AUTHOR AND CHEF DISCUSSES HER LOVE FOR TEACHING COOKING
PERHAPS the most popular pastime of the current pandemic has been cooking.
Extended time indoors has led to a lot of people learning the finer points of culinary skills, cuisine and creating delicious homemade dishes. Restrictions being lifted has led many to go a step further and taking cookery classes from trained professionals like Monisha Bharadwaj.
The London-based chef, award-winning author, and food writer, regularly holds her massively popular Cooking With Monisha classes that teach students how to cook different varieties of Indian food, along with learning about the various spices. Her classes are so popular that she also attracts professional chefs wanting to perfect authentic Indian cooking.
The kitchen queen is also a food historian, acclaimed author, regular judge at events, invited to speak at high-profile events, runs cooking workshops for charity and personalised classes with those who have special needs.
Eastern Eye caught up with the multi-talented food expert to discuss her cookery journey, classes, and importance of spices. She also gave top cookery tips.
What first connected you to cooking?
I grew up in Mumbai, which is the food melting pot of India. We had neighbours from various parts of the country and in those days, food was shared and enjoyed together. By the time I was six, I had tasted Maharashtrian, Tamil, Punjabi, Bengali, Sindhi, Marwari, Gujarati, Goan food and more. I also belong to a very food-loving family, so meals were always celebrated in our home. Later, I went on to train at the Institute of Hotel Management, Mumbai, and became a professional chef.
Your classes are massively popular. How do you decide which ones to conduct?
I have been running my Indian cooking school Cooking With Monisha in London since 2005 and have also been writing books. This gives me a unique insight into what customers are looking for, as lots of readers and clients write to me.
Tell us about a typical class?
We run both in-person and online cooking classes. Our in-person public classes run as half or full days. Clients learn about how to use spices and other Indian ingredients for depth of flavour and good health. Our online classes attract clients from all over the world. We also run private classes for individuals or small groups for special occasions like birthdays, corporate team building events, corporate well-being online events, intensive five-day chef training courses and more. So, I’d say that we don’t have a typical class!
What has the experience of teaching cooking been like?
I love what I do. My work brings me in contact with food lovers from all over the world. I enjoy sharing my knowledge and passion for food, and feel privileged that many people taste Indian cooking for the first time through my books and classes. Running a cooking school also gives me the opportunity to showcase the vast variety of Indian food and how healthy it is, as opposed to what one can buy in most restaurants.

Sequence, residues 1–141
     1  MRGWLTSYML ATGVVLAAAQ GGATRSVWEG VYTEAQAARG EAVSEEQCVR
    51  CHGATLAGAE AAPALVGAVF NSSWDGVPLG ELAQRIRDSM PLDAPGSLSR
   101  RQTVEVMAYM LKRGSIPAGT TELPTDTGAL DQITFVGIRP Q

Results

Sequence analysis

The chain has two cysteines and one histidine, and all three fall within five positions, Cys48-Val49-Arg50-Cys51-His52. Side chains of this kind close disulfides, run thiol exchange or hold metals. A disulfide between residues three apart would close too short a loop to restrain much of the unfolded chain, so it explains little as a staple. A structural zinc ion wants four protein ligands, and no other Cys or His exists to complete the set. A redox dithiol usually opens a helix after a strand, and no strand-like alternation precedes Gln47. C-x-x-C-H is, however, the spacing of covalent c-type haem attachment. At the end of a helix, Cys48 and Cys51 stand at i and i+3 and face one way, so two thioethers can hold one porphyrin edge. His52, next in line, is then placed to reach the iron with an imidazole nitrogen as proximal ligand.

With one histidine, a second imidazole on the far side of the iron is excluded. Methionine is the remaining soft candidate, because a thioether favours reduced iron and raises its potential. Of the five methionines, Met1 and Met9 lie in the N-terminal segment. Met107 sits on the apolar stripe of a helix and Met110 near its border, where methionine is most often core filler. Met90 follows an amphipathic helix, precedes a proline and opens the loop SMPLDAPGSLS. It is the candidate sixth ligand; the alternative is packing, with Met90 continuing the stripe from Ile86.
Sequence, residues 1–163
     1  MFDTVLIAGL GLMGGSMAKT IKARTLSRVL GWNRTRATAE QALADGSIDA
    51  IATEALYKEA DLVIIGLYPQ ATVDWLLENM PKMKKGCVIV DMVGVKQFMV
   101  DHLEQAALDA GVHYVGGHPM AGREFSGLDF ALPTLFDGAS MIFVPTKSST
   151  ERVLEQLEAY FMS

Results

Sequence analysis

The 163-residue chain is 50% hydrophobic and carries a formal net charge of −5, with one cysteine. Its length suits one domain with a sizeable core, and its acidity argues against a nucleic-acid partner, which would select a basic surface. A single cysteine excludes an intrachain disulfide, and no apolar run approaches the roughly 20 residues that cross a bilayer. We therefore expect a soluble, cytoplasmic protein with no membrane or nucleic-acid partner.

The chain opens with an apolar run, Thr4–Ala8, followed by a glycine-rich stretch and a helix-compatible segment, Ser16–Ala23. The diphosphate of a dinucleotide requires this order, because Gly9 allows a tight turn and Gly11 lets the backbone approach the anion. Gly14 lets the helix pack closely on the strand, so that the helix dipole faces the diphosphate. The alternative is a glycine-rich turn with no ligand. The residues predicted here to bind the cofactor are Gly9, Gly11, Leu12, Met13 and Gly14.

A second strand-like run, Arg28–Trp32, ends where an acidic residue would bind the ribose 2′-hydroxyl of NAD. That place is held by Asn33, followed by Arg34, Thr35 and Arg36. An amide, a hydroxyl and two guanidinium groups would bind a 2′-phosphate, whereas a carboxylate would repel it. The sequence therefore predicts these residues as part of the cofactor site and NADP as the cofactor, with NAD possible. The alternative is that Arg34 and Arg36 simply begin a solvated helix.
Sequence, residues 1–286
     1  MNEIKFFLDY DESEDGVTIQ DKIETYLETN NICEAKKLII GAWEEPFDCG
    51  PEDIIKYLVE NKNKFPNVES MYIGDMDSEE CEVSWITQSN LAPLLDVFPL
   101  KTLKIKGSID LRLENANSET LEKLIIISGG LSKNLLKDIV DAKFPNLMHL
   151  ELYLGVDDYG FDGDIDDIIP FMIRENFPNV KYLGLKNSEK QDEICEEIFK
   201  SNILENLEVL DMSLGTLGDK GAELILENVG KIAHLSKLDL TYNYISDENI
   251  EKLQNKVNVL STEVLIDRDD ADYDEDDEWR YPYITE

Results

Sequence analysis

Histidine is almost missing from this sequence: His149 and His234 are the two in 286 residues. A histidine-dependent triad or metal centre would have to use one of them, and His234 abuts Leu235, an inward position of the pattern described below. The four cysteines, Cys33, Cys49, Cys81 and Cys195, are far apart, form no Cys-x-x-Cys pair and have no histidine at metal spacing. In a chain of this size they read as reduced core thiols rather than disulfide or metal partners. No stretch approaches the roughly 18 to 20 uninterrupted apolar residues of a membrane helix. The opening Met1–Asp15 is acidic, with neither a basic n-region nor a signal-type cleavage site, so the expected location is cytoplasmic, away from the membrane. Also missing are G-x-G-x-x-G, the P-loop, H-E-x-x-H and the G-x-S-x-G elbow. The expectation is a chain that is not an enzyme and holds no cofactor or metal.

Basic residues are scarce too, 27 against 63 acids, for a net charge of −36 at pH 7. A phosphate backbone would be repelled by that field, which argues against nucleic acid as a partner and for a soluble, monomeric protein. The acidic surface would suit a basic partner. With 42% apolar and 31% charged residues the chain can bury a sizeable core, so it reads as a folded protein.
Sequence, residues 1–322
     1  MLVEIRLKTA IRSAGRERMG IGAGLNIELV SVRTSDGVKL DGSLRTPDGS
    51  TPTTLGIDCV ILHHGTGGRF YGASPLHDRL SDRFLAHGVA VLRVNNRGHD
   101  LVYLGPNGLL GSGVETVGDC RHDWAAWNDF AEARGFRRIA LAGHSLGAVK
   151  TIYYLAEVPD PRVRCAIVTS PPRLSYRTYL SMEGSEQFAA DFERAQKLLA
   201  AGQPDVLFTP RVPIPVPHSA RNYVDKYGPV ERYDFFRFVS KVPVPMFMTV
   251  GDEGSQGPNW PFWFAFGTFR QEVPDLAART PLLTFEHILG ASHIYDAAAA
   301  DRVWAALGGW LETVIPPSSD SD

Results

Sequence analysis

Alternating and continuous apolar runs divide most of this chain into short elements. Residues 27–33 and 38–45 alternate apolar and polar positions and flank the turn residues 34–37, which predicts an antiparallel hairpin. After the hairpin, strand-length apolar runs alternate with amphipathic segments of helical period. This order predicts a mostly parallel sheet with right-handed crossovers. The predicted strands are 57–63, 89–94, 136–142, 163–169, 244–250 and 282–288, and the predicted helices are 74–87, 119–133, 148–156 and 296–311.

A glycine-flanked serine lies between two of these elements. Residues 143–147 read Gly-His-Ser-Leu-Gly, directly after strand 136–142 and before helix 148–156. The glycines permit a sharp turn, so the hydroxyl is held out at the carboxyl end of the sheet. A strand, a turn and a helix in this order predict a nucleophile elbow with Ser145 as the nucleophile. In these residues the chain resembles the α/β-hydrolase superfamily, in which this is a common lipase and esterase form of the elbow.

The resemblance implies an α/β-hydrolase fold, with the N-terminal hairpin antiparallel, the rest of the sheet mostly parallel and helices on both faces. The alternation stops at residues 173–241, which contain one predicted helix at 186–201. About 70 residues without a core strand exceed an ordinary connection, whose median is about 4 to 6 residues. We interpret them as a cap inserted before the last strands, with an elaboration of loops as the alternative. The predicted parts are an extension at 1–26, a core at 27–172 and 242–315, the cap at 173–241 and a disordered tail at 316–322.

What types of people come for the cooking classes?
Our clients come from all over the world, some even fly in for the weekend to attend classes. We have absolute beginners and also chefs who want to add Indian food to their restaurant menus. We have a lot of men attending our courses – it seems like men enjoy cooking Indian food just as they seem to enjoy cooking on the barbeque!
What top Indian cooking tip would you give?
To keep it simple! We often over complicate recipes and then find that cooking takes too long. A few good ingredients, the right method and equipment, and a well thought out menu can make cooking a joy every day of the week.
What cooking tip would you give beginners?
To give it a try. Many beginners lack the confidence to cook. I’d say to them it’s okay to make mistakes, so that you keep learning and building on your skills. No one is a great cook the first time they try but keep cooking, and one day it will all fall in place.
What mistakes do people make when cooking?
Some of the ones I have come across are: adding too much spice, too little salt, too much oil or cooking things for too long, so that there is no texture left.
How important is it to understand the spices?
Spices are at the heart of Indian cuisine and cooking them correctly can make or break the dish. There are many ways to cook spices, but it all depends on an understanding of the time and temperature required to cook a certain quantity of spice just right.
What inspires you?
I find many things inspiring! Going to food markets, travel, meeting other people who are passionate about food. My family inspires me to cook as they are all food lovers.
Why do you love the art of cooking and teaching?
I love teaching people a life skill that is so essential but in an easy, delicious, and fun way. It is a pleasure to see my students fall in love with the art of cooking while also enjoying the meal they’ve just cooked – the foods of their labour.